Skeptics say the program’s restrictions will limit interest from the freewheeling, independent security researchers that the U.S. military wants to court.
(TNS) -- If critics are to be believed, there are some bugs in the Department of Defense’s pilot to have hackers poke at its public websites.
The Hack the Pentagon program, announced in March and set to launch next week, has drawn skeptics who say the program’s restrictions will limit interest from the freewheeling, independent security researchers the U.S. military wants to court.
Bug bounty programs like the upcoming Pentagon trial dole out rewards to researchers who find flaws. Bounties most often run in the hundreds of dollars per issue found and reported.
Not long after, he followed up, sarcastically: “Luckily, all the hackers who can’t pass a background check will stop hacking the Pentagon because they want to follow the rules.”
The department is spending $150,000 on the program. The agency didn’t respond to several questions sent by The Chronicle over email, but did point to a recent TechCrunch article written by the director of the Defense Digital Service, Christopher Lynch, whose office is leading Hack the Pentagon.
In 2012, according to Lynch, a quarter of all visits to public, Defense Department websites “were nefarious in some way.” That amounts to roughly a billion attempts to breach security, he wrote.
Meanwhile, the department has already begun taking applications. Hack the Pentagon is set to launch its pilot Monday. It will run for 20 days.
And, yes, in addition to a “basic criminal background screening,” it comes with other caveats:
“While any U.S. taxpayer can play Hack the Pentagon without fear of prosecution, those with serious issues in their past must know in advance that they won’t get paid if they fail a background check,” wrote Lynch in his TechCrunch article.
Those restrictions obviously narrow down who can participate, said Gary McGraw, the chief technology officer at software security consulting firm Cigital.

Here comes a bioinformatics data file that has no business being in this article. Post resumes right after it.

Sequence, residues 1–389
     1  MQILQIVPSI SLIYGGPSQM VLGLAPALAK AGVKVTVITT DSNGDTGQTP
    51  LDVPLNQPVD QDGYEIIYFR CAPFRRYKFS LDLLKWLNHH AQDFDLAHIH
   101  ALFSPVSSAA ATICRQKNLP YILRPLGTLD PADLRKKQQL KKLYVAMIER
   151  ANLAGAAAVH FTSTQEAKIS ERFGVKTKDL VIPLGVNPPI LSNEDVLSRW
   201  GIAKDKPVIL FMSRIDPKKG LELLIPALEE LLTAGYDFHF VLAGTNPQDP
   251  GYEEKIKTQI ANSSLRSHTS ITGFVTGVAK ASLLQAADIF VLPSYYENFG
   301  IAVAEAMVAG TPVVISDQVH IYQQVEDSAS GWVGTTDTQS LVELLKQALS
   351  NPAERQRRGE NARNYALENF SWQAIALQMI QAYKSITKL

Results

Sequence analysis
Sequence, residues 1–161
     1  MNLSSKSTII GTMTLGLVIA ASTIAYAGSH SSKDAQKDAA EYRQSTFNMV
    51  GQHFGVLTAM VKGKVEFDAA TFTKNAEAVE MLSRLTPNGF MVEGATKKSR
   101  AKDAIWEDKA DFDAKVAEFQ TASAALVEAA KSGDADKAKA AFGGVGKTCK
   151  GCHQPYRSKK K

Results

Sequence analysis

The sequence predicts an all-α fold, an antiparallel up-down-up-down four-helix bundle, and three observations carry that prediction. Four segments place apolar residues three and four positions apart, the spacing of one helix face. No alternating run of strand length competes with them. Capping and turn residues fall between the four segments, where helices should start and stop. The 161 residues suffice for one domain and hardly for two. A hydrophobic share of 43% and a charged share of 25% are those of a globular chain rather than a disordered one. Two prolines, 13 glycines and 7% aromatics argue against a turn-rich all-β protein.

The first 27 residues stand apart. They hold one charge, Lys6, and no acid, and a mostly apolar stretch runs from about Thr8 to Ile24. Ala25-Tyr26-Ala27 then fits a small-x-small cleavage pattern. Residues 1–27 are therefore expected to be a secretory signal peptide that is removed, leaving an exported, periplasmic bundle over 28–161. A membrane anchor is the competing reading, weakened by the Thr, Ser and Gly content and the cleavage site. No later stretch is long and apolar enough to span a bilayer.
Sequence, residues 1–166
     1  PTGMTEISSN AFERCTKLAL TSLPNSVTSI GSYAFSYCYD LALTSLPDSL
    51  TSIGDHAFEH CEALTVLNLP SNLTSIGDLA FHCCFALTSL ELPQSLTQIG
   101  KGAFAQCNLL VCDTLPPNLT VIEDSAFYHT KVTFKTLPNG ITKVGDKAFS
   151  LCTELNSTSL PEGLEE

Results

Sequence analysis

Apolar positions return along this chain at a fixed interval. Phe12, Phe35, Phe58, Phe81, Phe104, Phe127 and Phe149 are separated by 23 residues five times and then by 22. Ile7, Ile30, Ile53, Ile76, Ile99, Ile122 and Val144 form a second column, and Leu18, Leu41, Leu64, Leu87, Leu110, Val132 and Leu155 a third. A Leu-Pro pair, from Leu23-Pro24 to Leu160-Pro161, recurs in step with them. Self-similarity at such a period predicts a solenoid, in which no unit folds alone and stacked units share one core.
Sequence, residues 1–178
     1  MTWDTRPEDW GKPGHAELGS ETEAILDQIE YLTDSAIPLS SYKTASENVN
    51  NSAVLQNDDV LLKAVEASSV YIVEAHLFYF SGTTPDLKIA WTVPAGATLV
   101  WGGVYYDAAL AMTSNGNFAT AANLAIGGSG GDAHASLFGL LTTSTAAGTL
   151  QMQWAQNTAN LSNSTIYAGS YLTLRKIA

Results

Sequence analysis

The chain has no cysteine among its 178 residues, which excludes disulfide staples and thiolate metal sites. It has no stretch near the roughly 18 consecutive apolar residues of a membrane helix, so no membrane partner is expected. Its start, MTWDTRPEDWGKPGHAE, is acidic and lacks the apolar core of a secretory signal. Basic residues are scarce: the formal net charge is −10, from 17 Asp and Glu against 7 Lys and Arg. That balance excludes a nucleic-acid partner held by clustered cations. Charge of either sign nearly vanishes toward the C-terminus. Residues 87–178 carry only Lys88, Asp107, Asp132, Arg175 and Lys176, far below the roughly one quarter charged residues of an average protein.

“I don’t know why anyone would” participate, he said, adding he thinks the agency should expend its resources doing other things, such as “producing code that doesn’t suck.”
McGraw said that it would be simpler for a security researcher to just report an issue to, say, the people who maintain WordPress, an online publishing tool used by more than a quarter of all websites, than perhaps to a Defense Department website using its software.
“Most of the exploits that these people are going to find in Defense Department servers and applications are going to be in code that everyone else uses, too,” he said.
The department is listening to these critiques, said Katie Moussouris, a former Microsoft security strategist. Over the course of several years, she helped the department shape its thinking about cooperating with security researchers.
“They are also doing an experiment, themselves, seeing who from the population is willing to help them and willing to go through a light-touch background check,” said Moussouris, an independent consultant who recently left HackerOne, which is facilitating the department’s pilot. “What amount of the population has these skills and is willing to help?”
She added that Microsoft — whose bug bounty program she helped launch in 2013 — faced similar criticisms at the start. “However, it’s been proven, once the pilot is used as a learning experience, expansions (of the program) can and do happen,” she said. “This is exactly the model that we expect to see, here.”
Alex Rice, HackerOne’s chief technology officer, said such screening isn’t unheard of.
“Every one of these programs has some kind of constraint on the front of it,” he said, alluding to similar bug bounty pilots rolled out by private companies.
Many of those pilots occur completely outside of the purview of public debate.
“The fact that the DoD is waiving that and we’re able to have a public debate about it, that’s pretty phenomenal,” Rice said.
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